The teaser on the cover of the careers liftout reads
How life goes on when you strike it rich
Inside, it is headed
Life after lotto
The article would be worth reading for anyone who wants to think through the good points about work. Great illustrative sermon material, I think.
It includes discussion with John Vineburg, communications manager for NSW lotteries, who points out that while the lottery is sometimes advertised with pictures of people saying goodbye to the boss, most big winners choose to keep working.
I remember some years back that a Lebanese family won a huge sum in a lottery and decided that they enjoyed their life of getting up early, and working till all hours in their kebab shop. So they gave all of the money to charity and continued in the life that they loved.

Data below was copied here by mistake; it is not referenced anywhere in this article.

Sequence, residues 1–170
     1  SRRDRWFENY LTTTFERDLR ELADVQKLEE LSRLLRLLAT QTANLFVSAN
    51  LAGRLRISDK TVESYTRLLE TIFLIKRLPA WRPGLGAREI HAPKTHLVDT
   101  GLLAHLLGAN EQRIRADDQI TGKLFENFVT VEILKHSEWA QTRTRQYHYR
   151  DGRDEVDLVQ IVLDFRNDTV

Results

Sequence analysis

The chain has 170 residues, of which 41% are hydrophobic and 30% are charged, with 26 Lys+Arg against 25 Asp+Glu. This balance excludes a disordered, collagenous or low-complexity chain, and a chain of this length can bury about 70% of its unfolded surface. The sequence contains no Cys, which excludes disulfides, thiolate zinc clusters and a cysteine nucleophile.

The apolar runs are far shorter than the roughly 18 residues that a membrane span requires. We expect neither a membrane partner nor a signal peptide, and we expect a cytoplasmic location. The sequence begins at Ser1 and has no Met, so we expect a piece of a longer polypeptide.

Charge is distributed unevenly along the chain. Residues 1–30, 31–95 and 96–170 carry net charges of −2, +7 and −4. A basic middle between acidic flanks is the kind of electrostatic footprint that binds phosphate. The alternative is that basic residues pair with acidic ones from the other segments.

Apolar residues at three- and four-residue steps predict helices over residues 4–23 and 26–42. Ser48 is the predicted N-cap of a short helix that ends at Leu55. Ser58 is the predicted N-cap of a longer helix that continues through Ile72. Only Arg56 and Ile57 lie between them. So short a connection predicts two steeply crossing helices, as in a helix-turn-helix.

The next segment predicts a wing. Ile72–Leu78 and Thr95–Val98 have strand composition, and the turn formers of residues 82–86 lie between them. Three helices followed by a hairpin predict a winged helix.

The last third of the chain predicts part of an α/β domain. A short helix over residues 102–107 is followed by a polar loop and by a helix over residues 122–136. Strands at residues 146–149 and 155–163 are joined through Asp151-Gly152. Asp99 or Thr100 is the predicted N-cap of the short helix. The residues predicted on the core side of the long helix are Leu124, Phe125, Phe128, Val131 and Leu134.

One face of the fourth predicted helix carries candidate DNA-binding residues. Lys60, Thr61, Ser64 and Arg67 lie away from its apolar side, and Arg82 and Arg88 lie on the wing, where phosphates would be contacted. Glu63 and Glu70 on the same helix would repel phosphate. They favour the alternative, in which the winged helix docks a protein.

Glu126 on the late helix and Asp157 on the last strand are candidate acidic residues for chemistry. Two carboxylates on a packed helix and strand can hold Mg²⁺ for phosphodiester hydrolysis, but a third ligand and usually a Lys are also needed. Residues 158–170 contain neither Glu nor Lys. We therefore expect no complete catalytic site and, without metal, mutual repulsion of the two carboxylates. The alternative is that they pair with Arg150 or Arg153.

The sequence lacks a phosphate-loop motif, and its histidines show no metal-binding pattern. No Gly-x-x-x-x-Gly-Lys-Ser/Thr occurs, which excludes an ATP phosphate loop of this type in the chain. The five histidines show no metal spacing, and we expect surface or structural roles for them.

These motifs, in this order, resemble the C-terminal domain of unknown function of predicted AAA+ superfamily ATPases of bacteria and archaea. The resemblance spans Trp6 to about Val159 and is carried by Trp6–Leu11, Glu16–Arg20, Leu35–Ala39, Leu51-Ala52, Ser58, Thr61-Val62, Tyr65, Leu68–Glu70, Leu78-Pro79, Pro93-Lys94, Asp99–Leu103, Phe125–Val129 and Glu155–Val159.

Vineburg says that the majority of winners continue in the same job and the same house, but may buy a nicer car and do a bit more travel than others may be able to.
One person who won 4.3 million dollars in Lotto invested some of his winnings in the factory he worked in, in order to keep the business afloat. He shouted his co-workers secure jobs for Christmas.
One winner who had retired early after pocketing a million dollars returned to work within twelve months out of sheer boredom.
Professor Robert Pryor, director of the Vocational Capacity Centre cited these benefits of work:
Social contact which often leads to lifelong friendships
Physical and mental stimulation
It gives you an identity. People tend to identify us by the kind of work we do.
Goals beyond yourself. Work gives you a purpose and makes you focus on something beyond yourself.
Psychologist Joanne Earl made this interesting point [not her exact words]
If you are still years away from retirement and find yourself whingeing about work, you could benefit from pretending you have won ten million dollars and then deciding how you would live if you had all that money.
Instead of thinking about spending it, think about what gives you most satisfaction in the work you do. This might lead you to switch jobs or keep right on doing what you’ve been doing ... with less whingeing.